Musicologie Médiévale

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This discussion is dedicated to the use of accidentals to indicate pitch alteration in Geert Maessen's fluxus notation. The idea is to apply it to the particular intonation of mesos tetartos, its presence is documented since the 11th century by Latin sources by the odd intonation formular AIANEOEANE.



The hymnus trium puerorum (canticle 8) belongs to the apocryphic parts of the Old Testament, but it is written at the end of most of the psalteria as the 8th ode or canticum of 14 cantica. It once had a prominent place in the mass ordinary of the former Gallican rite, at least it is mentioned in Pseudo-Germanus' Expositio Antiquae Liturgiae Gallicanae in connection with a lectio libri prophetae (see: Michel Huglo et al., "Gallican chant", Grove Music Online.Oxford Music Online,, and the interpretation of Ensemble Organum according to their concept of Mozarabic chant). Another arrangement is used in the Ambrosian lecture office.


The version in discussion here is not a simple recitation of canticle 8, it compiles a part of canticle 7 (as refrains) with the strophes of canticle 8, and its chant is a melismatic elaborated E mode, which usually has its melos in the octave of DO and RE, sometimes even extended to the octave of MI.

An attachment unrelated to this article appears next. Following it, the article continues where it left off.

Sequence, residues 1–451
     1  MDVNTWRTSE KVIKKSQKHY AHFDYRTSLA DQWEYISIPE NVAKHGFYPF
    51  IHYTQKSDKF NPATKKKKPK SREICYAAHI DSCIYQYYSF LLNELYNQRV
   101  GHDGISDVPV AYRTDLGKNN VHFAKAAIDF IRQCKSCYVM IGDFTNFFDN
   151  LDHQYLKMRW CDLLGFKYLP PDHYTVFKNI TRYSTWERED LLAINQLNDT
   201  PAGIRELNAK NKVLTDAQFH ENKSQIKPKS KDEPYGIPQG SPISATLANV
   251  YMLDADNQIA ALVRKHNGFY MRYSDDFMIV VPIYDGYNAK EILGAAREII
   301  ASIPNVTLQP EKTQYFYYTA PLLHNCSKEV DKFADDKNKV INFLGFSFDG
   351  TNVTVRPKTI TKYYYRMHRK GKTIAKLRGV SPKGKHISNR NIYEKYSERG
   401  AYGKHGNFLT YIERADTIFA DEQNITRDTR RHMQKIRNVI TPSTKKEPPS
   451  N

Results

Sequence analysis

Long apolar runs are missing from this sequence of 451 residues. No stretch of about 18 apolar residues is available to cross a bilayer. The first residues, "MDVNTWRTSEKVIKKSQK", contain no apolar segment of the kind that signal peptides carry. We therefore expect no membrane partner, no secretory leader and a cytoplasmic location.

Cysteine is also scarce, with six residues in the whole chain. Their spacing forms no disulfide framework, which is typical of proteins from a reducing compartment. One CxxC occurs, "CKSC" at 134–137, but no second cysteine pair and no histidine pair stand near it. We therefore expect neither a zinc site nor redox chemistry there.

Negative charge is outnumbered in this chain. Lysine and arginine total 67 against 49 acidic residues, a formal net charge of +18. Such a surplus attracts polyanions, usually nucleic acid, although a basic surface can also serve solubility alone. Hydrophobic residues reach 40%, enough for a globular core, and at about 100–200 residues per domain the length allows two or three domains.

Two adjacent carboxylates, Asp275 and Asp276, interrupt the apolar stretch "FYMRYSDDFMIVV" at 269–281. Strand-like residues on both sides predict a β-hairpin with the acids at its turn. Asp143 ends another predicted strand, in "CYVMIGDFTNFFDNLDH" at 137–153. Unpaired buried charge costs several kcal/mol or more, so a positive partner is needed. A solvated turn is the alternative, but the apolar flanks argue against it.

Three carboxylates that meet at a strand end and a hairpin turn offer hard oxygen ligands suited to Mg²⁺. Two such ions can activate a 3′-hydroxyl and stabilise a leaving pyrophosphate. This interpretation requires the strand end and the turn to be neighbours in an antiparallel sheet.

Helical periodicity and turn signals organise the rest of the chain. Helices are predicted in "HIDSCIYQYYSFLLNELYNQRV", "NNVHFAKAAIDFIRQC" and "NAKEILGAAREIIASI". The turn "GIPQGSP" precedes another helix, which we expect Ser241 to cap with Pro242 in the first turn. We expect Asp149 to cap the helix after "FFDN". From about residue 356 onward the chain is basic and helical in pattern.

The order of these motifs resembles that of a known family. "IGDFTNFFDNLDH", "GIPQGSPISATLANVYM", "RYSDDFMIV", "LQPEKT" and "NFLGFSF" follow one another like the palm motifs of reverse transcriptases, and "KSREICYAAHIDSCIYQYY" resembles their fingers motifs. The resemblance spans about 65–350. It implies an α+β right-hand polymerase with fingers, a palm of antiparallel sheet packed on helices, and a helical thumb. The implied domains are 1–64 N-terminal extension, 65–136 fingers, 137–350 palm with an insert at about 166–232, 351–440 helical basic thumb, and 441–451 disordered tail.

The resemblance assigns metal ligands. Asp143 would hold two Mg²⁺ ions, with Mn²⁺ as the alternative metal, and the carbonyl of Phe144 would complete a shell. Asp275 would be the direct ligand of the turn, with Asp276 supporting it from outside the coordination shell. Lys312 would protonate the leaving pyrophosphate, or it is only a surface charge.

Was this particular arrangement codified the first time as a chant of Gallican or Visigothic origin which had no counterpart in Roman liturgy? If so, it did not prevent Roman cantores to write it down in their graduals during the 11th and 12th century. It became also part of the Mozarabic liturgy and there was presumably a particular interest for other Andalusian poets, because of the permanent repetition of the same words, which create a strophic rhyme structure similar to the popular forms of cordal poem, as long as the refrain arranged three verses into one group.


Selected Sources:

10th  century:

The version in the St. Gallen cantatorium (Sankt Gallen, Stiftsbibliothek, Cod. 359, p. 32-35):

The version in the Laon gradual (Bibliothèque municipale de Laon, ms 239, fol. 25' – type "55" as page number in the flash presentation of the facsimile):


11th century:

An Aquitanian version in the St. Yrieix gradual (Paris, Bibliothèque Nationale, Codex 903, fol. 41’).

A Beneventan version in the gradual 38 (Benevento, Biblioteca Capitolare, MS 38, fol. 12').

An Old Roman version in the gradual of the schola cantorum (Rome, Biblioteca apostolica vaticana, fondo vaticano latino 5319, fol. 8).




Some insights in different philosophies of performance practice:


Gregorian redaction (10th century):


Hartkeriana, Bratislava:

Vers 1-4:

Vers 5-10:

Vers 11 (without final refrain):


Trio Gregoriana, Amsterdam:

Vers 5:

Vers 10:


Mozarabic redaction (15th century):


Ensemble Organum, Moissac:

Vers 1 & 11:

Tags: AIANEOEANE, AliaMusica, Ambrosian, Ben38, Gallican, L239, Mozarabic, Old-Roman, Pa903, SG359, More…Vat5319

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Replies to This Discussion

Geert Maessen a annoncé dans un email que il Concerzender d'Amsterdam va diffuser un programme dédié au cantique des trois adolecents au four pour le 18 décembre, où on peut écouter les interpretations trés différent de ce chant extraordinaire:

Je voudrais bien communiquer ce liens à tous qui s'intéresse au sujet.

J'attends l'annonce du concert de sa groupe (cette fois chanté par un coeur féminin) dans la rubrique des évènements.



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